Now showing items 1-20 of 1200

    • The Effects of Consumer Brand Authenticity, Brand Image, and Age on Brand Loyalty in Time-honored Restaurants: Findings from SEM and fsQCA

      Xu, J.; Prayag, G.; Song, Hanqun (Elsevier, 2022-10)
      This study addresses a lack of research on the effects of consumer brand authenticity, brand image, and age, on brand loyalty in time-honored restaurants. Time-honored restaurants are long-established and well-recognized traditional restaurants that offer local or national foods and culinary culture. Empirical data were collected from 437 respondents in Beijing, China. Structural equation modeling (SEM) was used to ascertain relationships between variables, and fuzzy-set qualitative comparative analysis (fsQCA) validated the SEM results. The three brand authenticity dimensions were found to have differing effects on brand image and loyalty. True-to-fact authenticity had a significant effect on true-to-self authenticity, while true-to-ideal authenticity had a significant effect on brand image. True-to-self authenticity affects brand loyalty directly and indirectly through brand image. Some of the relationships were also moderated by consumer age. The results uncover the complexity inherent to consumer brand authenticity evaluations. They have implications for time-honored restaurants’ marketing and brand positioning strategies.
    • The belt and road initiative (BRI): A mechanism to achieve the ninth sustainable development goal (SDG)

      Senadjki, A.; Awal, I.M.; Nee, A.Y.H.; Ogbeibu, Samuel (Elsevier - Sciencedirect.com, 2022-10-20)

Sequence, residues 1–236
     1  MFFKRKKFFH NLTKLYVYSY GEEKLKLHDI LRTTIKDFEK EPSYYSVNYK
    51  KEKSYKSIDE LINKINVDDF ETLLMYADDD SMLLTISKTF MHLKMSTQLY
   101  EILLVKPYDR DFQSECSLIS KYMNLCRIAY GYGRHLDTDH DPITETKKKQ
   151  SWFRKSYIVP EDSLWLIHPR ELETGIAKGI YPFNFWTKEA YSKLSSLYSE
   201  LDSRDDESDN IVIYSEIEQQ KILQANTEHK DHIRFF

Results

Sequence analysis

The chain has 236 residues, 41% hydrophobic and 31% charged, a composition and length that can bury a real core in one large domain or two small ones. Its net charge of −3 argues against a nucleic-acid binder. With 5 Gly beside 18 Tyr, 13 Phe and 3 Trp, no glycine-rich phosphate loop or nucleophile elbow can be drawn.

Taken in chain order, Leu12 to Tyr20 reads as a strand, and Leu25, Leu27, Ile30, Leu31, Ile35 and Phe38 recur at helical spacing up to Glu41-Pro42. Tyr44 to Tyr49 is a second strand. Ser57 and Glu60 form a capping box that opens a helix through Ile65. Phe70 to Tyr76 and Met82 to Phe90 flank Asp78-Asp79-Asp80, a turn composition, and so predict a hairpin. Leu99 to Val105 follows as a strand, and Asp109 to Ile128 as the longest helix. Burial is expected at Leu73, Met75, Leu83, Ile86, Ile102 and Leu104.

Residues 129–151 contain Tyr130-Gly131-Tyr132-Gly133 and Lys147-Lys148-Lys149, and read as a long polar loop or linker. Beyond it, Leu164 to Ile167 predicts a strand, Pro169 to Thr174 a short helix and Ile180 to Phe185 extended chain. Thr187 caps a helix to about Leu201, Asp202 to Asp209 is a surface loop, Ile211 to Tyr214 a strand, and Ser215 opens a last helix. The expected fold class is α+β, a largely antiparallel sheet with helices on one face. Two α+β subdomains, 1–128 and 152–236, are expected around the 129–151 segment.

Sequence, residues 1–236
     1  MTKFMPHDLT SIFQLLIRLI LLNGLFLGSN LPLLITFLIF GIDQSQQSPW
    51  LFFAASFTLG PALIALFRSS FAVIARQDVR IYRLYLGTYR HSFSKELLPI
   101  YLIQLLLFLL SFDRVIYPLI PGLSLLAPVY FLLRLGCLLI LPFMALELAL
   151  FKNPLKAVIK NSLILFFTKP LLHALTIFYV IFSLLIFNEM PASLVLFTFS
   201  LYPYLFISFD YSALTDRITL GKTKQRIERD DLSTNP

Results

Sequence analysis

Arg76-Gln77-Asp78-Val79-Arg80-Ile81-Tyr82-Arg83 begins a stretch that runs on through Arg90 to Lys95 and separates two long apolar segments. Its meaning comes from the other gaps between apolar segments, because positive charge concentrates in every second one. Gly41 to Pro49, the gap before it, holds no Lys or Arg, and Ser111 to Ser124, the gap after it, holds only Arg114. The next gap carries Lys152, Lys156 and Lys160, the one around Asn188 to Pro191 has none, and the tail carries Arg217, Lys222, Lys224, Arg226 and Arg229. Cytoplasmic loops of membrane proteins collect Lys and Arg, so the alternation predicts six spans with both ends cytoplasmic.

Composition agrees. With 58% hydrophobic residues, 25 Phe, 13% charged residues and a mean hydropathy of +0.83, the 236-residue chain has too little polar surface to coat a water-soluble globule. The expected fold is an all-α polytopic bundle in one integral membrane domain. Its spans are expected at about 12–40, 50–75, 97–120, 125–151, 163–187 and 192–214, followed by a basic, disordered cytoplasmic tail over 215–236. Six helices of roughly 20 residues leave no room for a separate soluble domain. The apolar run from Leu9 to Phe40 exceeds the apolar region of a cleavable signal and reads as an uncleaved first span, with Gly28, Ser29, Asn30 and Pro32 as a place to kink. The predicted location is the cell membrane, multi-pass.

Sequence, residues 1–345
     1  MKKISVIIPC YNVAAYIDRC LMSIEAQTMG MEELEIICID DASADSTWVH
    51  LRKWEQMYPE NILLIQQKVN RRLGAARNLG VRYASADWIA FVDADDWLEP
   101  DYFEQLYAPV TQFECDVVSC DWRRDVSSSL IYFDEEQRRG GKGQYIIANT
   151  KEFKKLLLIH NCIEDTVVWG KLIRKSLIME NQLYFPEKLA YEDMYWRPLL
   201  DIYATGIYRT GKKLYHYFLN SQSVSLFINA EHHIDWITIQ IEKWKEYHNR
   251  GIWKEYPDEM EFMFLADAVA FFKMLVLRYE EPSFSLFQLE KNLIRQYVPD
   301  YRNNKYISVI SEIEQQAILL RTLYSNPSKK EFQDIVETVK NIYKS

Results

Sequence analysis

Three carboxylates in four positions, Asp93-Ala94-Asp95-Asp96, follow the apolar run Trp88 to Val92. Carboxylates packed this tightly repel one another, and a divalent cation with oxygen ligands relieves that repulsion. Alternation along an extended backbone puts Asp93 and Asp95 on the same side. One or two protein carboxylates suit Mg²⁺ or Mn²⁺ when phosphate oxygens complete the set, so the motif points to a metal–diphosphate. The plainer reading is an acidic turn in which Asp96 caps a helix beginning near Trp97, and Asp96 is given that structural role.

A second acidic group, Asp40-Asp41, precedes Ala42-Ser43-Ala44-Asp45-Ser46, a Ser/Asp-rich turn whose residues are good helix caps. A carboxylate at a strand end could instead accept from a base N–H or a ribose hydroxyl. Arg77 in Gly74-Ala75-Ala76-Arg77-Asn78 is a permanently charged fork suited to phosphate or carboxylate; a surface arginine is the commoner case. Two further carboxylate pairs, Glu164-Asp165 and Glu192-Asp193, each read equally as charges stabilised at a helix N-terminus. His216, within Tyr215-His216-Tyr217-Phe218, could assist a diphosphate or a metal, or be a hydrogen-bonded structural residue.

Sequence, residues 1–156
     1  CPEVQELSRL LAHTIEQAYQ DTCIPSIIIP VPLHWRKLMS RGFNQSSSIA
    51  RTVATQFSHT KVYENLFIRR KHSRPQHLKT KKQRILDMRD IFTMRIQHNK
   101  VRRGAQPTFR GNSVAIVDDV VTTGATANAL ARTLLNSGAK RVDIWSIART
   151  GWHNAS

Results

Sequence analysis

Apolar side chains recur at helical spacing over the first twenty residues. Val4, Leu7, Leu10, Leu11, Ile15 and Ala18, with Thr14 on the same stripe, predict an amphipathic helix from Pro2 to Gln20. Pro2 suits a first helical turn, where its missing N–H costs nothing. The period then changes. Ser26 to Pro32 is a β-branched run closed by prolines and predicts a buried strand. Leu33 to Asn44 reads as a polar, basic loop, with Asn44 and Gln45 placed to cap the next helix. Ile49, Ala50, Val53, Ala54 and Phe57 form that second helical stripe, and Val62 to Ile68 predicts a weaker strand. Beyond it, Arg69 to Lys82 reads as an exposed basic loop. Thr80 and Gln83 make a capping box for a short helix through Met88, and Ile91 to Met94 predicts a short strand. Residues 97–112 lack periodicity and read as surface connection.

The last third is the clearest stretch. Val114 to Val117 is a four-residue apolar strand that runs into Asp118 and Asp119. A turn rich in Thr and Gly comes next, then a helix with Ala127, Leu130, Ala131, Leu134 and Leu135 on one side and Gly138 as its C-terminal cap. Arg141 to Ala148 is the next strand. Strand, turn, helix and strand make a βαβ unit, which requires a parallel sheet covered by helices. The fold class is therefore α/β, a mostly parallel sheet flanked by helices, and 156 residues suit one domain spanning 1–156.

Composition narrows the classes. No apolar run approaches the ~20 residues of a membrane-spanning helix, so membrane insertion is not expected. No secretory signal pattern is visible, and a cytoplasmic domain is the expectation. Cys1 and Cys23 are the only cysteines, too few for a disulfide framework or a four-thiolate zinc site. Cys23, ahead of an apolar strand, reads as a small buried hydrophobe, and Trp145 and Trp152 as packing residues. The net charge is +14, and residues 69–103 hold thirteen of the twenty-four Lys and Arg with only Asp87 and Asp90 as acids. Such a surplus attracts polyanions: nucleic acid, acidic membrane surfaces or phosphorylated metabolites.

Congruent with economic stability and environmental sustainability, the ninth Sustainable Development Goal (SDG - Industry, Innovation and Infrastructure) plays a crucial role in undergirding the industrial revolution. Conversely, it is inevitably complex for underdeveloped and emerging economies to meet the ninth SDG's 2030 agenda due to a lack of sufficient financial resources and the slow adoption of technology. With China expanding its Belt and Road Initiatives (BRIs) globally, mainly few findings espouse the significant link between BRI and the ninth SDG, and its probable impact remains understudied. Hence, a considerable gap yet exists in contemporary understanding of the impact of BRI on sustainability. Therefore, we conducted an exploratory study on six different countries (Algeria, Ghana, Indonesia, Malaysia, Nigeria and Palestine) to investigate the role of the BRI in achieving the ninth SDG. Face-to-face interviews and focus group discussions were applied. This qualitative data collection technique involved 26 participants representing industry experts and academic researchers. All interviews were recorded, transcribed, translated and thematically analysed. The result showed a significant progressive impact of BRI on the ninth SDG, and that the development of sustainable infrastructure is a key antecedent of the BRI policy enforcement in the six countries explored. The result also showed positive and negative spillover effects of BRI projects in the six countries. Government and Policymakers should design and enforce pro-growth and sustainable strategies to facilitate continuous implementation of policies that would align the execution of the BRI projects to bolster achievement of the ninth SDG.